Review finds IT Tralee standards below par

Review finds  IT Tralee standards below par

Weak oversight of research degrees, risky procedures around research ethics, and poor guidance on plagiarism and academic referencing have been found at Institute of Technology Tralee.

The college says it has already implemented 13 of the 22 changes recommended in a review of its postgraduate research degrees, prompted by the case in which former chairman Flan Garvey was cleared of plagiarism in a master’s degree thesis last May.

A panel of external academics — chaired by Dublin City University biological sciences professor Richard O’Kennedy — was appointed by Quality and Qualifications Ireland (QQI) after the investigation and appeal in his case highlighted deficiencies in research degree assessment.

The college has finalised anti-plagiarism policy and procedures and is to ensure new students are told of expectations early in their studies, with training given to academic staff and postgraduate students last month. It also covered a new academic referencing system, which the panel recommended after the self- evaluation it received from ITT had some bibliographical information from staff with missing page numbers or publication dates and other inadequacies.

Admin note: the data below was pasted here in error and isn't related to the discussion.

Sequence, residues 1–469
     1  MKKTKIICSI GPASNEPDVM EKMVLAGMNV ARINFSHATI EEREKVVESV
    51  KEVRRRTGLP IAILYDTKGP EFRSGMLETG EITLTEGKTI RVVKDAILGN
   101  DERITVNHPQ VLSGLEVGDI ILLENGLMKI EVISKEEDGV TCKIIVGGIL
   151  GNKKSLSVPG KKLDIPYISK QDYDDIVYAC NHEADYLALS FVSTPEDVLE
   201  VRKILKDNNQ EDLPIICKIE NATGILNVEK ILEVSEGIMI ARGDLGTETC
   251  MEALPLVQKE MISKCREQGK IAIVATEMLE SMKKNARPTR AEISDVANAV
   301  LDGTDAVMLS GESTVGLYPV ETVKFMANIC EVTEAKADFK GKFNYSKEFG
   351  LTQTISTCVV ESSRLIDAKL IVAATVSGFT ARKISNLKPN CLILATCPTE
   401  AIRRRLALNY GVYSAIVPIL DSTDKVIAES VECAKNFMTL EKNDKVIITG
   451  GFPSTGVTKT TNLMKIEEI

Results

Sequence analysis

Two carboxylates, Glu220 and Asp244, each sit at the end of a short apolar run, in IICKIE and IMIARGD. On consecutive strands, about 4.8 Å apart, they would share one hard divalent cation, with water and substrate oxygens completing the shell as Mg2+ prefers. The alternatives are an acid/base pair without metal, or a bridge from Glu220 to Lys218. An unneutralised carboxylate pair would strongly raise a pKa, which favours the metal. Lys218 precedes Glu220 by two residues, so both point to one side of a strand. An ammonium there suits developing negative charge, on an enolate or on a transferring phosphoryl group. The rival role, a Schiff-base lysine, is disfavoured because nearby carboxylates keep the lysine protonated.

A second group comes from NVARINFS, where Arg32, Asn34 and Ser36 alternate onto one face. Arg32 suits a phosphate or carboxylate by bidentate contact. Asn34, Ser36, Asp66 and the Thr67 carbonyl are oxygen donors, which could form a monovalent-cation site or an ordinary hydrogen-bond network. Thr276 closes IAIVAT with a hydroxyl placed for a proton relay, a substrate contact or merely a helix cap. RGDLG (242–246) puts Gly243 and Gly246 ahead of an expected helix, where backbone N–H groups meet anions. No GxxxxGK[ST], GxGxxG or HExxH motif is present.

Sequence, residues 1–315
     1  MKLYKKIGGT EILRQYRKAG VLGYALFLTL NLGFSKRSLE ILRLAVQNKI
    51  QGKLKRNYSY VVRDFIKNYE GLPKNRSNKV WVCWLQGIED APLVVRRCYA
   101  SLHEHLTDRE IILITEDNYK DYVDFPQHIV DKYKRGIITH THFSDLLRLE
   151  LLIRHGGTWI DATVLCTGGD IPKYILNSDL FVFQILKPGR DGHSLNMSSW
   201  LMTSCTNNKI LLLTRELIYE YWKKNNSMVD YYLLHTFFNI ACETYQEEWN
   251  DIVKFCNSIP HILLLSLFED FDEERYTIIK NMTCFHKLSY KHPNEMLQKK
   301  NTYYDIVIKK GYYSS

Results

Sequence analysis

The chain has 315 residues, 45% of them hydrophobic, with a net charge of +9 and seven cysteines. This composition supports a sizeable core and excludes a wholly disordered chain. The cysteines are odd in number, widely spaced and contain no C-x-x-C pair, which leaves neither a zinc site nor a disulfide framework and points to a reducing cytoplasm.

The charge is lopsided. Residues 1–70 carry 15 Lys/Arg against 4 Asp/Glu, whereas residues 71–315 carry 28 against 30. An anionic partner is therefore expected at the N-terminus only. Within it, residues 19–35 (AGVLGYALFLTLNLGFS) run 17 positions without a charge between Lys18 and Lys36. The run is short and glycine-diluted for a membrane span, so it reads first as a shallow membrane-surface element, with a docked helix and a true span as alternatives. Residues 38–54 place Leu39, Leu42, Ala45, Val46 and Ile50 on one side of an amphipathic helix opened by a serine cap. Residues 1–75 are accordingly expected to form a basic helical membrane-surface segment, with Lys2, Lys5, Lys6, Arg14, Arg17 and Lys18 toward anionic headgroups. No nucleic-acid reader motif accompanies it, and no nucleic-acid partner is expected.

While research students had supportive and productive relations with principal supervisors, more than one who the panel met had very rare engagements with their co-supervisors. The panel considered that existing committees were not fit for the purpose of monitoring research students’ progress, with seven of them involved in the administration of just 36 postgraduate students. More stringent quality assurance standards were applied to students with bursaries, and postdoctoral researchers have been appointed principal supervisors for research student programmes, a practice the panel says should not be allowed.

A new postgraduate committee and research ethics committee should be in place early next year. The panel found that an ethics committee set up three years ago never met and said ITT was exposed to significant risk by the way the need for formal ethical approval is considered.

“Members of the institute considered that all research proposals where the ethical dimensions were ‘obvious or acute’ were given consideration. But The panel found one obvious case, concerning research on children, where necessary ethics approval had not been considered... and a student was significantly disadvantaged as a consequence,” it said.

In its published response, the college welcomed commendations on its entrepreneurial approach and collaboration with local industry.

QQI will seek confirmation in early January of full implementation.

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